Editor's Note: About five years ago a large marine heatwave that became known as “The Blob” took hold in the Pacific Ocean off the West Coast. This is the second installment of a three-part series about "The Blob" and a changing ocean, and what it may mean for the future of the California Current Ecosystem.
Many West Coast Dungeness crab fishermen once fished for salmon. But with sharp ups and downs in salmon returns, they switched to the more dependable Dungeness crab fishery. With harmful algal blooms driving unprecedented delays, “now they see that’s not reliable either,” said Nate Mantua of the Southwest Fisheries Science Center.
The California crab fishery finally opened in April 2016 as the algal toxins waned. The swelling crab fleet wasted no time to go fishing, and deployed thousands of crab pots—also called traps—to make up for lost time.
That also turned out to be the peak in the migration of gray and humpback whales north. Given the unusual temperatures brought by the Blob, the whales that typically feed in deeper water were instead feeding closer to shore, above the continental shelf, Mantua said.
Right where crab fishermen traditionally set their gear.
“It was a perfect storm of events that we did not recognize right away,” said Jarrod Santora, a research biologist at NOAA Fisheries’ Southwest Fisheries Science Center who tracks ocean conditions and their effects on fisheries.
The next year would see more whales than ever on the West Coast become entangled in fishing lines. In those cases where the source of the lines could be determined, three-quarters were from the Dungeness crab fishery.
Piecing the Picture Together
That unfortunate timing underscores the need for improved monitoring and understanding of how the California Current Ecosystem is changing. We also need to understand how those changes may affect species throughout the food web, Mantua said.
“Different fisheries are looking at the world through different lenses, and we have to try to put that picture together,” he said. The challenge now, he said, is for the region to better incorporate the latest ecosystem conditions in decisions on fisheries. These decisions may turn out to have unexpected impacts in surprising places.
NOAA Fisheries’ increased focus on ecosystem-based fishery management will help do that, he noted. For example, the agency’s two West Coast research laboratories regularly assess the state of the California Current Ecosystem. They explain how ongoing environmental change affects both marine species and West Coast communities.
Fishermen, scientists, and others have formed working groups in each West Coast state to reduce the risk of whale entanglements. They are exploring new technology, such as crab traps without lines. Instead, they pop to the surface on command by filling attached floats with compressed air. The California working group has also developed a Risk Assessment and Mitigation Program. It regularly assesses the risk of entanglements based on near real-time information from aerial overflights and other ocean monitoring tools.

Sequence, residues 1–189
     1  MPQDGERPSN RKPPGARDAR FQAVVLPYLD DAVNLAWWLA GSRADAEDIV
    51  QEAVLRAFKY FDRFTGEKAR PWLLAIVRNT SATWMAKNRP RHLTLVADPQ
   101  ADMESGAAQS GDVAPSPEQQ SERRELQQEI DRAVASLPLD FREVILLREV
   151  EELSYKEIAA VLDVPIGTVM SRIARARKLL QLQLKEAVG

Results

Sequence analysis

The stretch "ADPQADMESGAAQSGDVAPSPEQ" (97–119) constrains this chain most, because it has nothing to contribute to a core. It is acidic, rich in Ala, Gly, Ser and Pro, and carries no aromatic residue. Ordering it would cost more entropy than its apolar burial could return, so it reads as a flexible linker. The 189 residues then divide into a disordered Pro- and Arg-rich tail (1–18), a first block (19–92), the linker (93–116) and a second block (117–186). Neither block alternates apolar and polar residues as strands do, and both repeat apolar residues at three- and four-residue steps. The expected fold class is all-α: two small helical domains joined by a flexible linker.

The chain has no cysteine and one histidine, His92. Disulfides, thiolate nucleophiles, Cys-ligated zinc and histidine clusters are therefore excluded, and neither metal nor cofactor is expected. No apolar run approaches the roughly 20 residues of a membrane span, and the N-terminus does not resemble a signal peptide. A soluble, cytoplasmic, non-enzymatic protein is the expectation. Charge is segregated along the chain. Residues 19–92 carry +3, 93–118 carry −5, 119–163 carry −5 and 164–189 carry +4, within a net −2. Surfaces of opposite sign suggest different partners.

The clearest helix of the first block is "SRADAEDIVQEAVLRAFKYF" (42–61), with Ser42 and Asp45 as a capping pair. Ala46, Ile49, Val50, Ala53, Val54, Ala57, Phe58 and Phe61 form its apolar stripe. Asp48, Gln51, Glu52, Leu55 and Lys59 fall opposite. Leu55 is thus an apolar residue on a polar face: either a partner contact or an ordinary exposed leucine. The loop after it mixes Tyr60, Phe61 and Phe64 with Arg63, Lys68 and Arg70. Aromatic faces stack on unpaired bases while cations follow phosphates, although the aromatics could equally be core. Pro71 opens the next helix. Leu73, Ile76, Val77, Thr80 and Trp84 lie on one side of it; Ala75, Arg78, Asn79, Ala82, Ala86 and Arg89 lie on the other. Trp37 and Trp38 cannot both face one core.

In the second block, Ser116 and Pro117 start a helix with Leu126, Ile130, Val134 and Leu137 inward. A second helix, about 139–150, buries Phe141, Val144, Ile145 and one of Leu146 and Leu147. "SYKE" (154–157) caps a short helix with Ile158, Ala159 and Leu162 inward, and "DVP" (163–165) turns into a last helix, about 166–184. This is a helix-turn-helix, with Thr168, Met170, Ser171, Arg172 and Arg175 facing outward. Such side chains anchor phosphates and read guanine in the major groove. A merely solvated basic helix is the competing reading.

Researchers at NOAA Fisheries’ Southwest Fisheries Science Center developed a system called EcoCast. Based on ocean conditions, it projects where fishermen are most likely to catch their target fish but least likely to entangle protected species such as whales and sea turtles. An experimental model that predicts the locations of blue whales off the West Coast is now in development. It may soon provide real-time information to help reduce the risk of entanglements and collisions.
“The positive outcome is that communication is now constantly taking place,” Santora said. “It’s all built around a strong partnership to share information and make the most informed decisions we can.”
Preparing for the Unexpected
The tools also represent a step toward ecosystem-based fisheries management, a big-picture approach in which management decisions recognize interactions across the ecosystem. That will become even more imperative with a warming climate and changing ocean, Werner said. NOAA Fisheries regions are also developing action plans under the agency’s Climate Science Strategy to promote responsive management.
“Are we going to get a whole series of blobs, or some other kind of extreme events?” he asked. “The Blob was a wake-up call for us all that we need to prepare ourselves for the unexpected.”
Even as the heat of the Blob faded from the northeast Pacific, the Bering Sea remained remarkably warm. Scientists continue to watch the region carefully, in part because of lessons learned from The Blob, Werner said.
Following his analysis of past marine heatwaves, Leising turned to the future. He used his criteria for the extent, longevity and intensity of a Blob-like heatwave to develop an online tracking tool. It watches for signs that another similar heat wave is emerging. He hopes that will identify any future blob before changes begin cascading through the ecosystem, perhaps in time to make management adjustments. This could reduce the risk of unintended consequences and promote the resilience of the ecosystem.
He notes, though, that climate models project continuing warming of the Pacific in the coming decades. Predictions are that the striking temperatures of The Blob Years become typical.
“At some point, everywhere might look like what we think of today as an anomaly,” he says. “It wouldn’t be anomalous anymore.”